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Toronto to vote on housing plan for major streets amid opposition

Toronto councillors are set to decide on a plan to permit more townhouses and small apartment buildings on major streets, while some groups are pushing for a pause on the proposal. 

The Major Streets plan, approved by the planning and housing committee earlier this month, will be debated by the council starting today. The proposal aims to relax zoning bylaws to allow buildings up to six storeys high in various parts of the city.

This long-developing plan could enable buildings with up to 30 units on many major streets. However, some residents’ associations and city councillors argue the city is rushing the proposal.

Mayor Olivia Chow has expressed cautious support for the change, stressing that it’s another measure to help address the city’s housing crisis.

“I believe in building housing. We have a housing crisis and having gentle density, which is what’s being recommended, is a good way to go,” Chow said after the report was released earlier in May. 

“I believe together, we’ll come up with a solution that could encourage homeowners to build and to bring in a bit extra income and also provide much desperately needed housing for people coming to the city.”

Report on increasing unit cap expected at council

The report comes to council as questions remain about its viability as a tool to get shovels in the ground on new projects. A city feasibility study warns that even if the council loosens the zoning restrictions, a 30-unit cap on the projects will make them financially unviable for developers in places like Scarborough.

Developers say the profit margins on smaller projects can be negligible, pushing them to build larger projects.

The planning committee supported a motion from Coun. Brad Bradford to investigate increasing the cap to 60 units and doing away with other restrictive parts of the plan. Staff will report back on that directly to council at its meeting this week and some are concerned that will mean it bypasses public feedback at the committee level.

“Excuse me if I seem overzealous to move this forward,” he told the committee. “I just sort of feel like it’s been four years. And too often that’s the case at city hall.” 

The Federation of North Toronto Residents’ Associations wrote to councillors Monday, saying it supports the plan in principle but is urging them to send it back to staff for more work. They say some streets considered “major” in the staff report don’t qualify and staff have given little rationale for what constitutes inclusion in the plan.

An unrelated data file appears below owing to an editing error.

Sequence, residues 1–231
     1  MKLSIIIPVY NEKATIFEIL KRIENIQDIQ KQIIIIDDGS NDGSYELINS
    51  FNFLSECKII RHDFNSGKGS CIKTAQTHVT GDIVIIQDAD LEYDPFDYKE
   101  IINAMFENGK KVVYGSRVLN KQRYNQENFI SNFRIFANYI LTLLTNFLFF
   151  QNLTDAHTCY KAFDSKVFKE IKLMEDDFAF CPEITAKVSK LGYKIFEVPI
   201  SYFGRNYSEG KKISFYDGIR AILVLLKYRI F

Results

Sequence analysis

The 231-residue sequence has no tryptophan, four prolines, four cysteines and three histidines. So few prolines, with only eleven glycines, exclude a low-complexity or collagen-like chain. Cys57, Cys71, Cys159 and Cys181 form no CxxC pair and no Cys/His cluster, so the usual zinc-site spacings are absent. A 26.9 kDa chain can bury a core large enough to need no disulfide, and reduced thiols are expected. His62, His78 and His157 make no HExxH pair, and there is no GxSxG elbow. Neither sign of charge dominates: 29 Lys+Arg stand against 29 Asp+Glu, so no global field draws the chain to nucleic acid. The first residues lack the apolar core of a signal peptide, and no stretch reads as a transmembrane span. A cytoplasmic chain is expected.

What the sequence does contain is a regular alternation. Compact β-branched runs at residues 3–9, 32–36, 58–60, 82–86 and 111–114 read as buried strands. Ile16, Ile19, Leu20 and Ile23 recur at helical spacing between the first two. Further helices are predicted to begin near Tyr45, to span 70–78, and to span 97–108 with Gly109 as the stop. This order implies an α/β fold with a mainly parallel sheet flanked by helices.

“This is one size fits,” co-chair Geoff Kettel said in an interview with CBC Toronto. “It’s a blanket across the whole city. But you’ve got to look and see, well, what would be the implications locally?”

Unique features of some streets must factor in

The group says some portions of major roads covered in the report, like Avenue Road and Kingston Road, have unique features in places that must be considered when a development is proposed. Some sections of those roads contain heritage properties or are home to conservation areas that aren’t suitable for the larger developments, they say.

The group would like to see more consultations and then have staff to report back to each community council ahead of re-introducing the policy.

Kettel said the group is also concerned about Bradford’s motion not being debated the committee level. 

“This is not good process in a democracy,” he said.

Coun. Stephen Holyday has voiced opposition to the plan, saying residents in his Etobicoke ward and resident associations have pointed out weaknesses in the proposal. It could use more work from staff, he said.

“I believe that the policy is flawed and unresolved,” he said during the committee meeting.

A move to cut some streets from the plan was voted down by the committee. Coun. Gord Perks, who chairs the group, rejected the idea of exempting streets in Scarborough at the request of a local councillor.

“It just opens the door to everyone pulling out a street here, a street there, until the whole sweater unravels and we have no policy,” he said.

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